What’s in a name? Well, quite a lot actually! Just ask Alexa.

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ALEXA virtual assistant: Girls are being bullied because it is the same name as the Amazon product.
ALEXA: Girls are being bullied because it is the same name as the Amazon product.

PARENTS of children called Alexa say their daughters are being bullied because it is the same name that Amazon uses for its virtual assistant.

Some have even changed their child’s name because they say the onslaught of Alexa jokes is ‘relentless’, where people shout their name and issue a command. They are calling on Amazon to alter the default wake word for its devices to a non-human name.

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As for Amazon, it says it is ‘saddened’ by these complaints, and that there are alternative wake words. It is nonetheless true that the word Alexa has become increasingly common recently as more households use voice-activated smart speakers.

But names can be a problem anyway, can’t they? There was a girl called Annette Curtin in a friend’s class at school. Poor girl had to stick with that name but probably got away with blue murder as nobody could see through her. I suppose it depended on whether you were outside looking in or inside looking out.

Fish is a reasonable enough surname, but I did encounter one such with the first name Marina. There was, too, a Veronica Davis. Not a problem until she had to write her initials on her belongings. One neighbour’s GP was a Dr Heal; another a Dr Richard Sole, or as it said on his brass plate Dr R Sole.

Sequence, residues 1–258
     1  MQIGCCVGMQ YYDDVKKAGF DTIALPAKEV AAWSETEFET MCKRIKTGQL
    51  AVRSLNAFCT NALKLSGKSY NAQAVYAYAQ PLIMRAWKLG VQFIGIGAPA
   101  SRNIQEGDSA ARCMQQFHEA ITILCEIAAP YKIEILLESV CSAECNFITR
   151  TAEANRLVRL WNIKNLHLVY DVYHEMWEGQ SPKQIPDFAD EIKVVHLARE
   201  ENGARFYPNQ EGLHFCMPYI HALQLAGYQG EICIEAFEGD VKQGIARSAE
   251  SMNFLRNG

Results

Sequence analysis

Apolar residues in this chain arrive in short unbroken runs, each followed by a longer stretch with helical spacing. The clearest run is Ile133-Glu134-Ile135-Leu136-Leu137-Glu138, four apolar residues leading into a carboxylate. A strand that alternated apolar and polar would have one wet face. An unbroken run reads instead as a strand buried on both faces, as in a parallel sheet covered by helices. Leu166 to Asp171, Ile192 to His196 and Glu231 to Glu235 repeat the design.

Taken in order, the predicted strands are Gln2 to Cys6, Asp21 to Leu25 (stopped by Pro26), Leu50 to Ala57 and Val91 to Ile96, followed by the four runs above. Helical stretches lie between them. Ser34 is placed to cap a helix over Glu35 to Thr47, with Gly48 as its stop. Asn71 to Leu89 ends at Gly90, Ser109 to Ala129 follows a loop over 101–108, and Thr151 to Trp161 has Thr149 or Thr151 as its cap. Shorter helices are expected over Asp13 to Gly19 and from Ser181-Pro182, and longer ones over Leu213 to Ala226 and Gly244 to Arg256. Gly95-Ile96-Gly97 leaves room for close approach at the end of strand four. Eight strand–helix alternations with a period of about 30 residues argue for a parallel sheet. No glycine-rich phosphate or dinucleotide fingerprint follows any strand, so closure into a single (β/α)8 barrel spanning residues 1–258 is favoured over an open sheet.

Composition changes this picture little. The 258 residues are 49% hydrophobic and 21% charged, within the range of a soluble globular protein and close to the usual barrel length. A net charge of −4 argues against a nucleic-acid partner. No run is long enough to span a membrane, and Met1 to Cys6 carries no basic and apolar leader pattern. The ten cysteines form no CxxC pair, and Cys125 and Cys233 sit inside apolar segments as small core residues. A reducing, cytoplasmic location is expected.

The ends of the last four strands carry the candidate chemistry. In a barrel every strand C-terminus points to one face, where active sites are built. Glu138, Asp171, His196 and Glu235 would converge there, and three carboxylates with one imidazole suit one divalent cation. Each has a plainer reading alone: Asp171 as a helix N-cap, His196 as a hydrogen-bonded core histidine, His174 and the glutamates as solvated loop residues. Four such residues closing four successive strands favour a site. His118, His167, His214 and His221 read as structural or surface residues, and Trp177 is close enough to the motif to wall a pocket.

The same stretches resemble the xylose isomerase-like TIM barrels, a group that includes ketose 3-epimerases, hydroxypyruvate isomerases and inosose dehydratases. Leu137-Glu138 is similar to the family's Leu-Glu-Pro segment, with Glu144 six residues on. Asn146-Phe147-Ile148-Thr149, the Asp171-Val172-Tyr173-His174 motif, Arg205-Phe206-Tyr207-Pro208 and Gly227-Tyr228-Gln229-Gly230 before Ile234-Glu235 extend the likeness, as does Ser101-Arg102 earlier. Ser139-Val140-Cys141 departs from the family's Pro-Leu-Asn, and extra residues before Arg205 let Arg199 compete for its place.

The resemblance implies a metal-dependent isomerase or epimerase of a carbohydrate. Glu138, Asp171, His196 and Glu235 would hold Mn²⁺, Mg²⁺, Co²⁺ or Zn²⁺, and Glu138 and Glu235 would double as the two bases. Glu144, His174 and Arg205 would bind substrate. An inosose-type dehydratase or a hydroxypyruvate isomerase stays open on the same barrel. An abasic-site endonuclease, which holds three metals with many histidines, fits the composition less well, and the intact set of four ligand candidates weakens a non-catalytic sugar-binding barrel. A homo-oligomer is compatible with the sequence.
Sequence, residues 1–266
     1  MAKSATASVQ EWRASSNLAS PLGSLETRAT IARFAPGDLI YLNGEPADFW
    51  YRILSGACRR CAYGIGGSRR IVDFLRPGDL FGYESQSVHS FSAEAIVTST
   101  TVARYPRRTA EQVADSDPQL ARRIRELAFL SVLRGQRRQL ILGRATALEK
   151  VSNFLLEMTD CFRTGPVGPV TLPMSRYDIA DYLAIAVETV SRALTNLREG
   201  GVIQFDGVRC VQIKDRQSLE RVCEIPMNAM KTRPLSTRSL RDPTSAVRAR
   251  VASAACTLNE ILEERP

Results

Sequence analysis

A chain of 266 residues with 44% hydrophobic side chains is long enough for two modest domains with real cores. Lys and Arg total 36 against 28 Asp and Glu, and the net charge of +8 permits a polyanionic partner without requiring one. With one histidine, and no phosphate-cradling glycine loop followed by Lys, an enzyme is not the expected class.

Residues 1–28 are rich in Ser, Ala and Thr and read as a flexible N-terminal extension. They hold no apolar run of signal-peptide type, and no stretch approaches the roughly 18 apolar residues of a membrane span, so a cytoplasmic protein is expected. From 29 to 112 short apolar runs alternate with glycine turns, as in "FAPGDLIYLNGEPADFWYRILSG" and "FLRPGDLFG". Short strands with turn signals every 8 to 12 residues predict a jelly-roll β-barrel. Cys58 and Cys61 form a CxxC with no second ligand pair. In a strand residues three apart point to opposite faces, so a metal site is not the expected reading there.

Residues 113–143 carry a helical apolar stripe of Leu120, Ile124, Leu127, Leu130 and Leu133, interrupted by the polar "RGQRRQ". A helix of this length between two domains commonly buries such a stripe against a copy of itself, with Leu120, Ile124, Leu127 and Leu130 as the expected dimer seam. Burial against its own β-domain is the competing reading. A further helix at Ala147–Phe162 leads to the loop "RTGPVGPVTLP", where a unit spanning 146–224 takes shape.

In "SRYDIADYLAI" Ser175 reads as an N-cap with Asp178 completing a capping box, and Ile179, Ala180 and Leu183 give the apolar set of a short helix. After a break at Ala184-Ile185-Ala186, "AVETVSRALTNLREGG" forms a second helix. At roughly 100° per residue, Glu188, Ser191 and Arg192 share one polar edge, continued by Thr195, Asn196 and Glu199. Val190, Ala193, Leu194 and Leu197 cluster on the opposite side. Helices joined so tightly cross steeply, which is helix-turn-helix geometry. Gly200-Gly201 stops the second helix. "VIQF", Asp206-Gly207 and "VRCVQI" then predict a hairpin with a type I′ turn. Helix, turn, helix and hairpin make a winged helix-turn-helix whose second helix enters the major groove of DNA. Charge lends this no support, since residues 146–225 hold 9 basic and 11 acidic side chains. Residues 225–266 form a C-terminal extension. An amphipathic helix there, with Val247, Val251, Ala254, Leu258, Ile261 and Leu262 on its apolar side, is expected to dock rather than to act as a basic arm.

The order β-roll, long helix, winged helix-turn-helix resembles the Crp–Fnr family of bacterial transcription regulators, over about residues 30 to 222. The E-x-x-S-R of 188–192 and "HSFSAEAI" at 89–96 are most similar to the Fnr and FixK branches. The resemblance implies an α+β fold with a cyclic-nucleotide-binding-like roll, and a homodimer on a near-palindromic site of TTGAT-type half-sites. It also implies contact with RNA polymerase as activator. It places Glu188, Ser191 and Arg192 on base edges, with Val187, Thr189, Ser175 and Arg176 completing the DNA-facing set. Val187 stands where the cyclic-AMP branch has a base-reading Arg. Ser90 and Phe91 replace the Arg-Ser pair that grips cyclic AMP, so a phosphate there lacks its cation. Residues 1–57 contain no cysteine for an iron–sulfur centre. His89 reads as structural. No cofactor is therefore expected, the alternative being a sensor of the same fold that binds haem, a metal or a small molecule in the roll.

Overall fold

At school, like most kids, we all had nicknames. I often wonder what happened to Fudgy Buttocks. Doubtless came to a sticky end. And what about Paige Worthy, Anne Teak or even Randy Clapp?

It’s maybe apocryphal but I seem to recall the City University of Newcastle upon Tyne having to rebrand due to its less than auspicious acronym. In Ireland all the old regional technical colleges renamed themselves as institutes of technology and generally became known by their initials, presumably so they could remind people of MIT. So Cork’s became CIT etc. The one exception to the trend was Tipperary, which just called itself … Tipperary Institute. Nuff said.

Nora Johnson’s psychological crime thrillers ‘The Sentinel’, ‘No Safe Place’, ‘Betrayal’, ‘The Girl in the Woods’, ‘The Girl in the Red Dress’, ‘No Way Back’, ‘Landscape of Lies’, ‘Retribution’, ‘Soul Stealer’, ‘The De Clerambault Code’ (www.nora-johnson.net) available online as eBook (€0.99; £0.99), Apple Books, paperback and audiobook. All profits to Costa del Sol Cudeca cancer charity.  


Nora Johnson’s opinions are her own and are not necessarily representative of those of the publishers, advertisers or sponsors.

Nora is the author of popular psychological suspense and crime thrillers and a freelance journalist.

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